Lesotho tops condom usage ranking
LESOTHO leads countries in sub-saharan Africa in terms of condom use among women between the ages 15 – 24 years; a sign the country is making strides towards preventing new HIV infections.
This is according to a report issued this week by the Joint United Nations Programme on HIV/AIDS (UNAIDS) in Namibia ahead of annual World AIDS Day commemorations on 1 December.
Titled “Get on the Fast-track: The life-cycle approach to HIV”, the report contains detailed data on the complexities of HIV and reveals that girls’ transition to womanhood is a very dangerous time, particularly in sub-saharan Africa.
The report, which was launched by Namibia President Hage Geingob and UNAIDS Executive Director Michel Sidibé in Windhoek, also shows that the life-extending impact of treatment is working. Countries are getting on what UNAIDS refers to as the fast track to ending the AIDS epidemic by 2030, with an additional one million people having accessed treatment from January to June.
By June 2016, some 18.2 million people were on life-saving medicines, including 910 000 children — double the number of five years earlier. UNAIDS also states that 18.2 million people now have access to HIV treatment, saying that the fast-track response was working.
The report reveals that 80 percent of Basotho women aged between 15-24 years reported using a condom during their last sexual encounter with a non-regular partner in the 12 months prior to the survey.
When used consistently and correctly, condoms are highly effective in preventing the sexual transmission of HIV. Lesotho’s Hiv-prevalence is the second highest in the world at 25 percent.
The report calls for condom availability and accessibility to be rolled out in combination with promoting and enhancing women’s ability to negotiate condom use.
“Nearly a quarter of women aged 15–49 years in sub-saharan Africa had an unmet need for family planning in 2015. Powerful new tools for HIV prevention such as pre-exposure prophylaxis (PEP) remain underutilised,” reads the report.
The report also reveals that Lesotho was among the six eastern and southern African countries experiencing a decline in new infections among children aged between 0-14 years.
Mr Sidibe said adolescence was a turbulent time and a particularly dangerous time for young women living in sub-saharan Africa.
“As they transition to adulthood, their risk of becoming infected with HIV increases dramatically,” he said.
“When women and girls are empowered, they have the means to protect themselves from becoming infected with HIV and to access HIV services. No one should be left behind through the life-cycle approach.”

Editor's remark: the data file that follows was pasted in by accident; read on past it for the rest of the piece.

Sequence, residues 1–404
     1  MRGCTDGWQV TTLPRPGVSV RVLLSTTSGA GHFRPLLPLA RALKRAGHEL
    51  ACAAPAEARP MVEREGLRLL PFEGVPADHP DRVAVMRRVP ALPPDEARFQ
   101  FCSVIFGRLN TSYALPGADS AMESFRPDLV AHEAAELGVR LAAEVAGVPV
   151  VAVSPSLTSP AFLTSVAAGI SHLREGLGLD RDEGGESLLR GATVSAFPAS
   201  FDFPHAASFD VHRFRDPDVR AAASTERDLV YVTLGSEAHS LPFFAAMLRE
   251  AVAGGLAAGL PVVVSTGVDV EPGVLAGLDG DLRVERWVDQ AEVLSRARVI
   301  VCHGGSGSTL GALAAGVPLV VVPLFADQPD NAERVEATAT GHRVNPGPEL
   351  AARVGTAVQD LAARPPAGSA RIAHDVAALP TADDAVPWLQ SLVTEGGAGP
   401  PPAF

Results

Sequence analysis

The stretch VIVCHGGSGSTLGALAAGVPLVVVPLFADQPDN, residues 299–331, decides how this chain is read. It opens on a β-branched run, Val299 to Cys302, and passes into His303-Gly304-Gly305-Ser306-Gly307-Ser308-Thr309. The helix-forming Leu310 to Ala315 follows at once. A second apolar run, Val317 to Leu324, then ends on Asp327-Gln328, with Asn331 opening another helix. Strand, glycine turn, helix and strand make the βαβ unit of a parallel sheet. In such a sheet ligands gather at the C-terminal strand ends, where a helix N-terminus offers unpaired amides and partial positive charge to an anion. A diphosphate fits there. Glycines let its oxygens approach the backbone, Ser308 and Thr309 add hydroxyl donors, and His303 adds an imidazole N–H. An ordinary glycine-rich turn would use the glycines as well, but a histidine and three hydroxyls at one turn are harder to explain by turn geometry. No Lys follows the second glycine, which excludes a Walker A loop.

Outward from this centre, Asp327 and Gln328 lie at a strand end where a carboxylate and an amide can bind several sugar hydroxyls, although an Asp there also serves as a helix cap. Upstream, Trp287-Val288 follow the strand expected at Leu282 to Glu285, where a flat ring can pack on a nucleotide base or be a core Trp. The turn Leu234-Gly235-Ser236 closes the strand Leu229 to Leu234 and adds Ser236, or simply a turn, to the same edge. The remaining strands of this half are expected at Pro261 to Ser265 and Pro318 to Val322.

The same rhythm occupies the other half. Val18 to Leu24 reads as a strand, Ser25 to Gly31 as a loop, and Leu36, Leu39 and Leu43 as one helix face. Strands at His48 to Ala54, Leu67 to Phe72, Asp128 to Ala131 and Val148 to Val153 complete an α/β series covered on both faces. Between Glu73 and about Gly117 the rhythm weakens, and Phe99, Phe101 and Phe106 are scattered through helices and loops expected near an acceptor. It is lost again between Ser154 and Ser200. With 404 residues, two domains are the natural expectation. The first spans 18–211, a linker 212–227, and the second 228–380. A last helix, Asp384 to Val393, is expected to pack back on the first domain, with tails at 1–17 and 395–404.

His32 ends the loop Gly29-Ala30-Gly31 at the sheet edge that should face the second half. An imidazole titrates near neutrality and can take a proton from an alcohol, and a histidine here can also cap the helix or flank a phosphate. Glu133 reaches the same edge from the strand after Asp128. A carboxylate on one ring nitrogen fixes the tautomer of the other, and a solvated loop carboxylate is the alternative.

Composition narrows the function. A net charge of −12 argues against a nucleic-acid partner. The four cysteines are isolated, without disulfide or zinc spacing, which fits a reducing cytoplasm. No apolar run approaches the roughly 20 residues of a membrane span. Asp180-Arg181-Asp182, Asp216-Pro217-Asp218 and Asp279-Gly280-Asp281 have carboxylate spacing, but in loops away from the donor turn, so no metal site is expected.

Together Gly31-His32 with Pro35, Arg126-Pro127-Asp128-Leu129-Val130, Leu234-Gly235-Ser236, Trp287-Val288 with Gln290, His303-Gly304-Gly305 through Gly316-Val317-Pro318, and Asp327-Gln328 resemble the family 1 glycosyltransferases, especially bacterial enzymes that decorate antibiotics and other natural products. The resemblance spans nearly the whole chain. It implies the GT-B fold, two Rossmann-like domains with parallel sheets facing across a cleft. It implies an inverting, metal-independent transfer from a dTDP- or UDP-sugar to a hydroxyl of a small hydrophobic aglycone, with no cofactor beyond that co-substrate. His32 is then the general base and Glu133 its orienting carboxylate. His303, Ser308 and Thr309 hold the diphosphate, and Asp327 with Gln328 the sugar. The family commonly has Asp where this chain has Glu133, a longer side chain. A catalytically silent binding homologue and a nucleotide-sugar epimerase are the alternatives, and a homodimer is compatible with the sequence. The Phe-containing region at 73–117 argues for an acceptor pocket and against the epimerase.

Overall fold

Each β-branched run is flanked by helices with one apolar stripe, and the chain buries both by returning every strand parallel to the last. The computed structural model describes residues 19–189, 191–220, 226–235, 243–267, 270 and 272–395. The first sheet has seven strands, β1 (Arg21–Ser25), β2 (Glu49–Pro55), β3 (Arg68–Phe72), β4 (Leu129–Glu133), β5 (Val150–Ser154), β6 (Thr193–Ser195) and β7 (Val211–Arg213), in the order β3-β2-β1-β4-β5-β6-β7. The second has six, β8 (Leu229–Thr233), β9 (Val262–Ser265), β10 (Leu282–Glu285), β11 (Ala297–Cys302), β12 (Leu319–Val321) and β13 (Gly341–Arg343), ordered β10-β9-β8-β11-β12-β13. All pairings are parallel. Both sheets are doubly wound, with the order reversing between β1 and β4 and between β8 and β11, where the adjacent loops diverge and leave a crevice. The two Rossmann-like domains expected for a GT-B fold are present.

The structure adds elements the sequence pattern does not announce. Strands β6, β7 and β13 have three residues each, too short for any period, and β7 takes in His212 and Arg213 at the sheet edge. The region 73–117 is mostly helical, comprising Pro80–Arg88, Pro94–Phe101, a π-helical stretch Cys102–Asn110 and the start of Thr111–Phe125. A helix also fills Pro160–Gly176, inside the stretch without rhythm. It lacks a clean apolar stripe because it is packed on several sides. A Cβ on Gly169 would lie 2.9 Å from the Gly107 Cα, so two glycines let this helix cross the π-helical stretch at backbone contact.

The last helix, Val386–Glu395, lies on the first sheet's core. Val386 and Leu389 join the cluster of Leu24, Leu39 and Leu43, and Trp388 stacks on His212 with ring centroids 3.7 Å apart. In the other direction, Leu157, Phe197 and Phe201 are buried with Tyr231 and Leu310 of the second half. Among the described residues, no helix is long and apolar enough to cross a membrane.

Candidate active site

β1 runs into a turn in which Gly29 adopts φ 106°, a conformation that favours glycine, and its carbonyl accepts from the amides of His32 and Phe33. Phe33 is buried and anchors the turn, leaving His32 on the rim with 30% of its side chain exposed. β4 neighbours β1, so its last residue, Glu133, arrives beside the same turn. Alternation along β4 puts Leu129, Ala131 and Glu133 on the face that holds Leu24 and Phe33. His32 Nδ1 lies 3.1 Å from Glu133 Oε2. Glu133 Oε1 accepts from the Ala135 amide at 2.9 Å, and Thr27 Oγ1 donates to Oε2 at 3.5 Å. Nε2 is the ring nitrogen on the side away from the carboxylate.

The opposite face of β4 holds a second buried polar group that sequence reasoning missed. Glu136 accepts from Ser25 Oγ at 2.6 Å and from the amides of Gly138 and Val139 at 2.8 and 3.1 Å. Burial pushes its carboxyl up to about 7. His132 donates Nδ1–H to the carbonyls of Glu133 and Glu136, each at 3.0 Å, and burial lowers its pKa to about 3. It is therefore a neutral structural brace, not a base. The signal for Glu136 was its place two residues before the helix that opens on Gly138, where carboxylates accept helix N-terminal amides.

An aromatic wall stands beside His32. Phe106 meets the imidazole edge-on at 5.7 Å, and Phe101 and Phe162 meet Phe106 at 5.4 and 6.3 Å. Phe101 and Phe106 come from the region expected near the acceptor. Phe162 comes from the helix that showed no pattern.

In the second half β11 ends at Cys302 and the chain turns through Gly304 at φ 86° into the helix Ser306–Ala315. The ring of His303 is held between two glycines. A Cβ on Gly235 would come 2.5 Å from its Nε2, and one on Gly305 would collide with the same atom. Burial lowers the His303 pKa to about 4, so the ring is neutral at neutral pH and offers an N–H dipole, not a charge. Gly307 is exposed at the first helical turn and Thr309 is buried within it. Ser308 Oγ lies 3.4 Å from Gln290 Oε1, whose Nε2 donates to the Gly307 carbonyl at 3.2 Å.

He stressed that vulnerable communities — such as sex workers, people who take drugs intravenously, men who have sex with men, prisoners and migrants — needed access to the HIV treatment and prevention options that best meet their needs.
Increasing treatment coverage, Mr Sidibe said, was reducing Aids-related deaths among adults and children; adding that the life-cycle approach had to include more than just treatment.
“Tuberculosis (TB) remains among the commonest causes of illness and death among people living with HIV of all ages, causing about one third of Aids-related deaths in 2015. These deaths could and should have been prevented,” he said.
“TB, like cervical cancer, hepatitis C and other major causes of illness and death among people living with HIV, is not always detected in HIV services.”
Mr Sidibe also noted that drug resistance was one of the major threats to the AIDS response, not just for antiretroviral medicines but also for the antibiotic and anti-tuberculous medicines that people living with HIV frequently need to remain healthy.
“More people than ever before are in need of second- and third-line medicines for HIV and TB. The human burden of drug resistance is already unacceptable; the financial costs will soon be unsustainable.
“We need to make sure the medicines we have today are put to best use, and accelerate and expand the search for new treatments, diagnostics, vaccines and an HIV cure.”
He also called on world leaders, partners, activists, communities and people living with HIV to get on the fast-track to end this epidemic.
Contacted for comment, National Aids Commission (NAC) Chief Executive Officer Keratile Thabana said they were yet to study the report.
“Personally I have not seen the report and I wouldn’t want to comment from the top of my head. Once we have studied the report, we would comment on its findings,” Ms Thabana said.
In a separate interview, Christian Council of Lesotho (CCL) Secretary-general Khosi Makubakube said while the high condom usage was a positive development, it was disconcerting that girls as young as 15 years old were already sexually-active.
“From a morality point of view, it is absolutely saddening that young ladies are sexually-active. However, it is commendable that they value their lives by using condoms as one of the many prevention methods,” Mr Makubakube said.
He said that women aged 15-24 years should value their virginity instead of engaging in sexual activities.
“We commend the young ladies protecting themselves by using condoms, but as the church we strongly feel they should wait until they are married to start engaging in sexual activities. Girls aged between 15 and 24 years should take pride in their chastity until they are married,” said Mr Makubakube.
unaids executive Director michel sidibé.